Julie Mayhew is ‘the girl least likely to write a book about Nazis’. But she did. In her series for Standard Issue, she shares what she discovered along the way…
To be honest, I’ve always been a little suspicious of people who watch too many. Does their obsessive historical interest in Hitler mask a secret admiration?
Yet here I am, with a Sky Planner knocking 90 per cent because of all the Nazi documentaries viewed and saved. Friends will email saying, “Saw this thing about Nazis and thought of you.”
Last week, I called through the house, “Anyone seen the book I’m reading at the moment?” And my nine-year-old’s casual reply was: “What, the one about Nazis?”
I feel compelled to read every book on the subject, fact and fiction, to watch every documentary, see every film – predominantly so I can sound authoritative in post-publication interviews and articles like this one.
But still, what have I become?
Last month, my local cinema showed 13 Minutes, a new German film about Georg Elser, a lone outsider who decided enough was enough and tried to blow up Hitler, mistiming his attack by the 13 minutes of the film’s title. Of course, I had to see it.
It was powerful and traumatic, celebrating the rebel who is willing to act, and it did not recoil from showing the torture Elser suffered after his arrest. I flinched in my seat with every blow, and eventually, though I know I shouldn’t, I had to look away. Enough was enough.
“The late Alan Coren famously and ironically put a swastika on the cover of one of his collections of comic writings, knowing this would guarantee sales.”
Why do we keep revisiting this evil? was the question I found myself asking. Do we learn anything from replaying the horrors? Shouldn’t we end this fascination with a despicable regime?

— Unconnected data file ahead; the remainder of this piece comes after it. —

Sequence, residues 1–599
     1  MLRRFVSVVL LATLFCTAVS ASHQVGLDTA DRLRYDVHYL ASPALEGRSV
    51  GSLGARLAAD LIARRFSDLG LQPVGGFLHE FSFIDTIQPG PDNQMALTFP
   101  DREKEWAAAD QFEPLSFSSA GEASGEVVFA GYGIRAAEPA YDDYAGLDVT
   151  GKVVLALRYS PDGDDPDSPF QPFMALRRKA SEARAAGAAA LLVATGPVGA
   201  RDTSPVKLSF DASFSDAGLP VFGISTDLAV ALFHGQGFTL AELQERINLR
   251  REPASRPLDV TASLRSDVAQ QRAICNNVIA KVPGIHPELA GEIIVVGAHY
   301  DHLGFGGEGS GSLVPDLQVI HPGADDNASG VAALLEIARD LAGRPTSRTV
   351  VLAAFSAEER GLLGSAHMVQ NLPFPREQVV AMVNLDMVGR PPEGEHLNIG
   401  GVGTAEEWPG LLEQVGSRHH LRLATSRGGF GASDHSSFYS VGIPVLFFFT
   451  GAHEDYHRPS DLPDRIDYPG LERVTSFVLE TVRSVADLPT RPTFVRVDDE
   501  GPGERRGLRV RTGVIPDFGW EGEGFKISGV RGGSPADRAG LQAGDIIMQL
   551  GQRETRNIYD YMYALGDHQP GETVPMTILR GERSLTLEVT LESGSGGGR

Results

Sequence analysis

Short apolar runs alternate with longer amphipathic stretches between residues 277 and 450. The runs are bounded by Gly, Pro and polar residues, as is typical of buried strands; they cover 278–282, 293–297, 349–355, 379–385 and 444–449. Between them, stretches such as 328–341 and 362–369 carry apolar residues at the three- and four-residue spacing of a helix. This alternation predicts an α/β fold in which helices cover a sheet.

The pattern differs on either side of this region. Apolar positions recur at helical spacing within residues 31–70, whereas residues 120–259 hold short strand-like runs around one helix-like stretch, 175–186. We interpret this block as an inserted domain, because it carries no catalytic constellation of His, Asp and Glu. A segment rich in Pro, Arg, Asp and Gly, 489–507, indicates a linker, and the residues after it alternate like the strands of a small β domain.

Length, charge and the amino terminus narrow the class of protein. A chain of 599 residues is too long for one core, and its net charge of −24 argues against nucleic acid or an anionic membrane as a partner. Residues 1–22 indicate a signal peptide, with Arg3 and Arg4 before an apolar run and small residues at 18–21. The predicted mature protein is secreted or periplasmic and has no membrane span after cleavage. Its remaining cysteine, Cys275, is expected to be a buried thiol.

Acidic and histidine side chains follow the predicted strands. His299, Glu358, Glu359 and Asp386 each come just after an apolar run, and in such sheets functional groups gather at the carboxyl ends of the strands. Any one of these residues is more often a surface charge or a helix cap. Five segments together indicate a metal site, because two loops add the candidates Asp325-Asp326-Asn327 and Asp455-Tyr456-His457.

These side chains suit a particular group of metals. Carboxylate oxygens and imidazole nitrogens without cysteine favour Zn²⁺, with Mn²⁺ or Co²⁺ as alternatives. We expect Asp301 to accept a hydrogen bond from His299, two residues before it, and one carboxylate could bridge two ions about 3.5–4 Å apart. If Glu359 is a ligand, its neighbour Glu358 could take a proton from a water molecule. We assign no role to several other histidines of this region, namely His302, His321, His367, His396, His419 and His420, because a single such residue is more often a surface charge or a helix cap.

Ultimately I had to ask: why on earth have I written my book?
I understand that the revisiting of a terrible history is essential to ensuring that it is not repeated. Though Germany is leading the way in its humane response to Syria’s refugee crisis, it is also a country that has the need for a collective called Kein Bock Auf Nazis (No time for Nazis), supported by famous rock bands, to give young people a voice against neo-Nazism.
But why the need to keep going back over Nazi crimes in the UK? Or indeed the hunger for it? The late Alan Coren famously and ironically put a swastika on the cover of one of his collections of comic writings, knowing this would guarantee sales.
Do Nazi books and films enable us to revel in our finest victory, to revisit a Britain that was strung in bunting and united in Blitz spirit? I worry that they enable us to dismiss our own present-day shortcomings, reducing them to small change.
So that, I suppose, is the reason why I wrote my Nazi book.
Though The Big Lie paints a picture of how unbearable things were for young girls under a Nazi regime, the bolder message, I hope, is that the way we treat girls, here, right now, is not always something to celebrate.
And with that, I must go and clear some space on my Sky planner…1871 Views
Julie Mayhew writes radio dramas about love and novels devoid of romance, most recently Nazi alt-history The Big Lie.